| President George W. Bush with his wife Laura (right) and daughters Jenna (left) and Barbara after his victory speech. (Reuters)
Washington, Nov. 4: The curtain has come down on the 2004 US presidential election with a victory speech by President George W. Bush, who will begin preparations next week for his new administration.
Bush, who is retiring to the Camp David presidential retreat for a long weekend after his first post-election cabinet meeting later today, is mulling changes in his cabinet which will take office in January next year.
It became clear before Bush left for Camp David that he will ask for the resignation of attorney-general John Ashcroft, the most polarising figure in his entire cabinet.
Ashcroft, who is so conservative that he refused to dance at his own wedding, insists on a daily communal Christian prayer at the department of justice every morning before the start of work.
There is much talk in the Republican Party that Bush would like to replace defence secretary Donald Rumsfeld, whose conduct of the war in Iraq and handling of the Abu Ghraib prison scandal in Baghdad exposed the President to his most difficult moments during the election campaign.
But Republican sources also said Rumsfeld has expressed a desire to stay on for at least half of the second Bush term so that he does not go down in history as the man who failed in Iraq.
Implicit in this request is a hope that the situation in Iraq will improve next year. Rumsfeld's close friend and Vice-President, Dick Cheney, may finally prevail on Bush to keep Rumsfeld at his job at least for the time being.
Secretary of state Colin Powell, who was earlier determined to leave the administration at the end of its first term, is now being quoted by close friends as nursing an interest in staying on at his post.
If Bush sacks Ashcroft, retains Rumsfeld only for the short run and lets Powell continue to guide American diplomacy, it will signal a more conciliatory and inclusive President, breaking from the divisiveness that characterised his first four years in office.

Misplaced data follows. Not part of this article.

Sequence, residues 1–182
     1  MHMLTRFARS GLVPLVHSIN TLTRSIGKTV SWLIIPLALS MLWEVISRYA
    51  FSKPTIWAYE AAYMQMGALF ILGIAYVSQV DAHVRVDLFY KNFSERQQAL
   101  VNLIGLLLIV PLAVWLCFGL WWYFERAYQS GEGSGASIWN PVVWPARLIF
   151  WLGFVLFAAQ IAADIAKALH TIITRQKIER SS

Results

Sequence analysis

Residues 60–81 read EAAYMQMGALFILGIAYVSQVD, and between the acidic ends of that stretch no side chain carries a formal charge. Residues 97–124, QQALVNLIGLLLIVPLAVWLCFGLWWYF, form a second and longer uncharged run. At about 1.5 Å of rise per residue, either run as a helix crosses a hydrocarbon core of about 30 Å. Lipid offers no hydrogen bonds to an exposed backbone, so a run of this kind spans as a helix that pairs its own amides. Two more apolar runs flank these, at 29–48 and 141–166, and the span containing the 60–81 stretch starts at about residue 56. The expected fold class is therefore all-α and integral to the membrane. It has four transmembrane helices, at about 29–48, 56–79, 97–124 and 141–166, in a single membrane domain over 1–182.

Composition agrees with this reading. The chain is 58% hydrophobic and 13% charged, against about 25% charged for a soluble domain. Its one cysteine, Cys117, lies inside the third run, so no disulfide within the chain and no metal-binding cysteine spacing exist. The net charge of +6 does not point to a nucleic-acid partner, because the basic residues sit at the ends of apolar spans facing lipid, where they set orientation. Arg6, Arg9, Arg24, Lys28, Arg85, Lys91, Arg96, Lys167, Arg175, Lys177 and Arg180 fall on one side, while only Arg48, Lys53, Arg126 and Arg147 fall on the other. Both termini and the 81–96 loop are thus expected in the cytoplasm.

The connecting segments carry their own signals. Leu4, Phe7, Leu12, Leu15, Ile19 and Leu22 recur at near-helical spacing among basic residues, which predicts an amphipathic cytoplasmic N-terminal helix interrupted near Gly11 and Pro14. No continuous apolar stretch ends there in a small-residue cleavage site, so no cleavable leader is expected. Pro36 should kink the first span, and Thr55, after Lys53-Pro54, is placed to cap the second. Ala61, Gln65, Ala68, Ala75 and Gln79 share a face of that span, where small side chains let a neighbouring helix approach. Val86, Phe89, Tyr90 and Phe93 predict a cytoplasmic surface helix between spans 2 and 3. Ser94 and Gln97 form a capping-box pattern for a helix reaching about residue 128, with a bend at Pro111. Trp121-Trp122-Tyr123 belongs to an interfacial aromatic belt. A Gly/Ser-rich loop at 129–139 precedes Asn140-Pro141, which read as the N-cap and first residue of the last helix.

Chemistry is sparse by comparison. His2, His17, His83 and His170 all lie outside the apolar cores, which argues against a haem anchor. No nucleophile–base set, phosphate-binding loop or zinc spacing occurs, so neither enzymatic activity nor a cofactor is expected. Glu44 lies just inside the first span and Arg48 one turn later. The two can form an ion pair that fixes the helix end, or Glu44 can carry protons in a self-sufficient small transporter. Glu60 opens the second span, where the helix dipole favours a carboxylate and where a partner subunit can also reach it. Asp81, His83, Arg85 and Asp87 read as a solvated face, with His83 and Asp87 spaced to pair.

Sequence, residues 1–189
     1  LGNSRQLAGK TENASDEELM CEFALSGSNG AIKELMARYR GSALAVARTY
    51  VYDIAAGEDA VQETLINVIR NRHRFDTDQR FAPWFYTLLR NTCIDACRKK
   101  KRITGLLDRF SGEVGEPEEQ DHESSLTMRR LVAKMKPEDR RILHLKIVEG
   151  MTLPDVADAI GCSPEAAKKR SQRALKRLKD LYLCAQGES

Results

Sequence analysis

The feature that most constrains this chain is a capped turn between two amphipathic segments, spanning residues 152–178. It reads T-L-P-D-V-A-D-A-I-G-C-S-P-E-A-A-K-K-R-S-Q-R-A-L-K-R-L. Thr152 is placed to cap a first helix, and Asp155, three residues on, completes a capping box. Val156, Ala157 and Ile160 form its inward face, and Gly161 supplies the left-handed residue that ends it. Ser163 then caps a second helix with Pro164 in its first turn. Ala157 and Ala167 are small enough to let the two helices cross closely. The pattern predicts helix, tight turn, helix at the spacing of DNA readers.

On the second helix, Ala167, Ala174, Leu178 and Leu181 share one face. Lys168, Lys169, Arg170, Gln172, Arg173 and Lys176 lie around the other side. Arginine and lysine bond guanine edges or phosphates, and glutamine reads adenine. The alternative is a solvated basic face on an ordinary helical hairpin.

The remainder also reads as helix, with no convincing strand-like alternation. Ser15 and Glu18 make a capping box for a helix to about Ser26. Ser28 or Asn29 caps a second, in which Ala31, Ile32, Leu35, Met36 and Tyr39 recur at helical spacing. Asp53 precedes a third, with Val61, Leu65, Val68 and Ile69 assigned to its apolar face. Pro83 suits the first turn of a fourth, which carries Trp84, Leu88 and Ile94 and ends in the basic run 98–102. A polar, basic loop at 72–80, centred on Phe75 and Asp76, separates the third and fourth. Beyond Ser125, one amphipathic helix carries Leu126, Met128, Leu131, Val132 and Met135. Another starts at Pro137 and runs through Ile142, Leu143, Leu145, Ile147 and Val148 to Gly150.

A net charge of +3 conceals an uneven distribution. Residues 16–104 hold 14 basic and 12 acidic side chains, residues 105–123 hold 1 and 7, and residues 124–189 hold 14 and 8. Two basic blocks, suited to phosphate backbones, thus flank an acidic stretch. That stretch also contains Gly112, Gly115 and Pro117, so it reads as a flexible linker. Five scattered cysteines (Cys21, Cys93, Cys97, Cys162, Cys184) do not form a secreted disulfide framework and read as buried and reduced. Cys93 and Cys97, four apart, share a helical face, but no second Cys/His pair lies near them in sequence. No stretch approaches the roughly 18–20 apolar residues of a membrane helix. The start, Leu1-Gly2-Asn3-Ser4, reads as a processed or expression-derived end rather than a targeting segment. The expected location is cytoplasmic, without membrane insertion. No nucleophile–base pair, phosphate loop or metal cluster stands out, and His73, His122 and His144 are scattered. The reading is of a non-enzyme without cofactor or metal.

In his victory speech yesterday, Bush asked for the support of 55 million Americans who voted to deny him a second four-year term.
Reaching his goals 'will require the broad support of Americans', Bush said. 'I will work to earn it. I will do all I can do to deserve your trust. When we come together and work together, there is no limit to the greatness of America.'
The woman for all seasons as preparations get under way for the President's second term is Condoleezza Rice.
Rice's current job of National Security Adviser is hers for the asking. But she is understood to be uninterested in staying on in the White House.
Informed speculation has it that Bush would like her to be either the new secretary of state or become America's first woman secretary of defence.
Another candidate for the job of secretary of state -- should Powell choose to leave -- is John Danforth, the US ambassador to the UN, who took that job only a few months ago.
Two names are being mentioned as successor to Rice at the National Security Council (NSC). These are Steve Hadley, now the deputy national security adviser and the current deputy secretary of defence, Paul Wolfowitz.
Like Rumsfeld, Wolfowitz is a hawk and is one of the authors of the invasion of Iraq. For the moment, Robert Blackwill, the former Indian ambassador, appears to have lost out in the race to succeed Rice.
He is now the chief Bush aide on Iraq on the NSC.
All indications are that Bush will keep his present economic team, which was shaken up only two years ago.
Treasury secretary John Snow will be asked to stay on while commerce secretary Don Evans is a close friend of the President from Texas.
The chairman of the Federal Reserve ' America's Reserve Bank -- Alan Greenspan, has had a long innings at his post and has announced that he will leave in 2006.
Several names are circulating as a replacement to Ashcroft, who has one of the most powerful jobs in Washington.
They include Tom Ridge, the homeland security secretary and Rudolph Giuliani, former mayor of New York.
Giuliani's name is also being mentioned as a successor to Ridge along with Marc Racicot, who directed Bush's victorious re-election campaign and Massachusetts Governor Mitt Romney.